The Hotel Workplace, Top 20 (formerly 10) Gripe List

The Hotel Workplace, Top 20 (formerly 10) Gripe List

Jude Carter

By, Jude Carter on Friday June 03, 2011

By Frank Kenna

Back in March I blogged about my top 10 hotel gripes.  I did this because we publish a workplace communications digital signage product, one edition of which is sold to the hospitality market.  So I’m interested in hotels’ wellbeing in general and offered the comments in a spirit of constructive criticism.  That blog was published in two parts, the first 5 gripes on March 4, and the second 5 on March 8th. Since then I’ve received a bunch of comments that have made me realize that the top 10 wasn’t nearly enough!  So here’s a continuation to the top 20, compiled from readers input and more personal experiences.

11. The Do Not Disturb sign
Have you ever had one of those little signs fall off the door handle?  Of course you have – almost every time you open or close the door, right?  Memo to hotel doorknob sign designers:  Hotels have not been made with door KNOBS for about 15 years.  Today they all have those lever-type handles, so your little signs fall right off.  So please design a Do Not Disturb sign that won’t fall off.

12. Non-removable hangers
Ok, I get it… they’re worried about people stealing hangers.  So for the couple of cheapskates who do that, they penalize the 98% of us who don’t.  Not fair! I really hate fumbling around with those things, especially when trying to hang pants without wrinkling.  And why do so many hangers have those little metal clips on them?  I’m not even really sure what they’re for… but most hangers seem to have them and snag my shirts and ties. 

13. Internet access sign-ins
In my last hotel blog, I wrote that Internet access should be free at all hotels.  That aside, I also object to the constant sign-ins required during a multi-day stay.  It’s annoying and time-wasting, especially if you’ve forgotten the password (and who hasn’t)?  The software should be smart enough to know that I’m there for three days and keep me signed in for that long.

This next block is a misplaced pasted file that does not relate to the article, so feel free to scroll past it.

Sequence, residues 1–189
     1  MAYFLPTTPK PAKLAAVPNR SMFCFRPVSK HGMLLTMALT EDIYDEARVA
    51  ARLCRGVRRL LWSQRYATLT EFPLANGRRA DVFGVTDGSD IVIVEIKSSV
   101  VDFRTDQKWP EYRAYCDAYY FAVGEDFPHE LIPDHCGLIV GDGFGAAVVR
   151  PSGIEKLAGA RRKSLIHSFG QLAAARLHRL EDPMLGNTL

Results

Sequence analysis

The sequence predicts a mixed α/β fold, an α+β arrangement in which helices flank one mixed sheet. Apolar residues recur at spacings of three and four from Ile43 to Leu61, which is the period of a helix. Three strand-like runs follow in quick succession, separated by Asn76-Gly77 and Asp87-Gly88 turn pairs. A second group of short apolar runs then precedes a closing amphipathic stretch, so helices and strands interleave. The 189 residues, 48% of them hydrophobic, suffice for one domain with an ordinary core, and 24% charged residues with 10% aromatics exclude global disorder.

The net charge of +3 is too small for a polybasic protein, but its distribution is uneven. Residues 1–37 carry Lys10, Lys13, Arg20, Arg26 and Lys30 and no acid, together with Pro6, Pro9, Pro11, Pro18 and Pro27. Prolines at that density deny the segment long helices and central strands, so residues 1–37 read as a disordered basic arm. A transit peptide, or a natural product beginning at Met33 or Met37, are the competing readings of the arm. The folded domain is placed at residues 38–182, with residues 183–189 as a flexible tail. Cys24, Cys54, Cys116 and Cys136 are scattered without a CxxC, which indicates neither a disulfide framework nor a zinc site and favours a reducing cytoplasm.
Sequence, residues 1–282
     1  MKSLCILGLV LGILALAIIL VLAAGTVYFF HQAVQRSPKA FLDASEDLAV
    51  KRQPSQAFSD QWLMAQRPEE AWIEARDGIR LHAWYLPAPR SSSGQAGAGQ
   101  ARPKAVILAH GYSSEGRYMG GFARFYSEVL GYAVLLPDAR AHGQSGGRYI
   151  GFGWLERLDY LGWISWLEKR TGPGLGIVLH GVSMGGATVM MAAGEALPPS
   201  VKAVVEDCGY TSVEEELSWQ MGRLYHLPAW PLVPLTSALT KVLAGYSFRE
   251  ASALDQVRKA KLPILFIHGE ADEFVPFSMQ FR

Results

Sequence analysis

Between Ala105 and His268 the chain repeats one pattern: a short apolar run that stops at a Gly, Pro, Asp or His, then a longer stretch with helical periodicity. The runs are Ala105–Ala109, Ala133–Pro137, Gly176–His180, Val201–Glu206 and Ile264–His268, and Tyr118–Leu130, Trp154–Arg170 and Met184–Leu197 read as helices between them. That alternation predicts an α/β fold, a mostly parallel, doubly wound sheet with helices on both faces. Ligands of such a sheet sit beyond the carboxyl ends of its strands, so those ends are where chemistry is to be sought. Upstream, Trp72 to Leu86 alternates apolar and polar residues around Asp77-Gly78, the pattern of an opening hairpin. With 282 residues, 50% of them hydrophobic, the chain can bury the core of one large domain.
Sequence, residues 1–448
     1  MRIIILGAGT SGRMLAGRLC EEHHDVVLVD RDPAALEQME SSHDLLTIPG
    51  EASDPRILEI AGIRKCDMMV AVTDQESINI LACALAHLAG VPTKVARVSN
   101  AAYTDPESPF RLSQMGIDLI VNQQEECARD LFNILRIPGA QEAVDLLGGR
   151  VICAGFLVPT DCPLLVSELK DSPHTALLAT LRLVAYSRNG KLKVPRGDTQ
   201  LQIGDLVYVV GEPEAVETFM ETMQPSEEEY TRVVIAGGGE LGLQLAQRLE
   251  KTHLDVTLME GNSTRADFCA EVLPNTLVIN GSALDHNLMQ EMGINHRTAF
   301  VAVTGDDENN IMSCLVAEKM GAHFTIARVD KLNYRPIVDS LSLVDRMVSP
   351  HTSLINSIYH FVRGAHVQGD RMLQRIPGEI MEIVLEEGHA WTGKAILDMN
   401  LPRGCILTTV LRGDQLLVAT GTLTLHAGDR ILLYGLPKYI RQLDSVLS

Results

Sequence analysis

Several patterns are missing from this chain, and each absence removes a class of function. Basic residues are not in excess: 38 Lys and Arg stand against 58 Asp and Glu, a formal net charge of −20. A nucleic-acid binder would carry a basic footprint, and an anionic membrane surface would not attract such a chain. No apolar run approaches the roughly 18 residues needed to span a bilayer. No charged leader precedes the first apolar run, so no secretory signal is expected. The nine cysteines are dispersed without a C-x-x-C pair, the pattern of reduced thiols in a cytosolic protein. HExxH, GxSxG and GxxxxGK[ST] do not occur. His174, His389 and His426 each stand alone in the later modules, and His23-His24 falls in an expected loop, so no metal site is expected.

14. Wimpy shower pressure
At the risk of being non-green, I want more water coming out of my shower!  Most hotels have great water pressure – in the sinks and toilets. Then you get into the shower and…. a drizzle.  I know they’re trying to save water, but it just makes me stay in the shower longer trying to get the soap off. 

15. Nuclear-powered toilets
Speaking of toilets, have you ever stayed in a place with those high-powered ones than seem like they’ll suck down anything within a four-foot radius?  I can’t imagine why they need to be so powerful… actually, I don’t want to.  I just find the whole thing a little scary.  I mean, what happens if you accidentally flush the thing while you’re sitting there?

16. Hair dryers from NASA
Just like the alarm clocks that have so many buttons and switches you can’t figure out how to use them, some hotels make the same mistake with the hair dryers.  The last one I used had a “command center” of switches: on/off, warm/cool/hot, hi/med/lo fan, a little button with a snowflake on it (never figured out what that one was for) and a ground fault interrupter (GFI) button.  Then it was plugged into an outlet that also had a GFI and a reset switch.  The only thing missing was a video showing how to operate the darn thing. 

17.  The giant magnifying mirror
This isn’t really a gripe, as I’m sure many people like and use these things.  But have you ever been out late at night entertaining clients or whatever, get in at 2 am, then the next morning stumble into the bathroom and look into one of those things?  Yiiiikkkkes!! Who is THAT?  And that harsh fluorescent lighting doesn’t help either.

18. Bedding and blankets
In a prior blog I wrote about there being too many pillows.  A reader noted the flip side of this, that being there often aren’t enough blankets.  Yes, you can call downstairs for one… but who wants to do that at 11 pm when you’re sleepy and sitting there in your underwear?  How about trading some extra blankets for those bathrobes in the closet?  Unless I’m at a vacation spot, I don’t have time to lounge around in one of those anyway.

19. $6.00 water.
Really?  Six dollars for a bottle of WATER? Isn’t that the same stuff I can get from the tap for free – or at Costco for $4 a case?  Come on, hotels – I wouldn’t mind maybe $2 for a bottle, but $6 is way over the gouging line. If the label said “Absolute” maybe we’d have something to talk about…

20. More coffee, please! 
First, every room should have a coffee maker.  Second, it should also be double-checked to make sure there is caffeinated coffee available - unlike a recent hotel I stayed at that had two decaf pouches and no caffeinated.  And third, how about an extra pouch or two in case I need to work for a while before going out?

Well, there you have it.  Despite all my gripes, I actually like most hotels.  But there’s always room for improvement.  We specialize in workplace communications, and many of these items involve communicating to and from managers, housekeeping staff, engineers, etc.  So I hope this will get some communications buzzing to address some of these issues. 

Oh –and speaking of hotel engineers, I’ll have one more hotel blog coming up soon about my favorite engineer of the year who almost saved me from drowning.  Tune in next time for that one.

Thanks!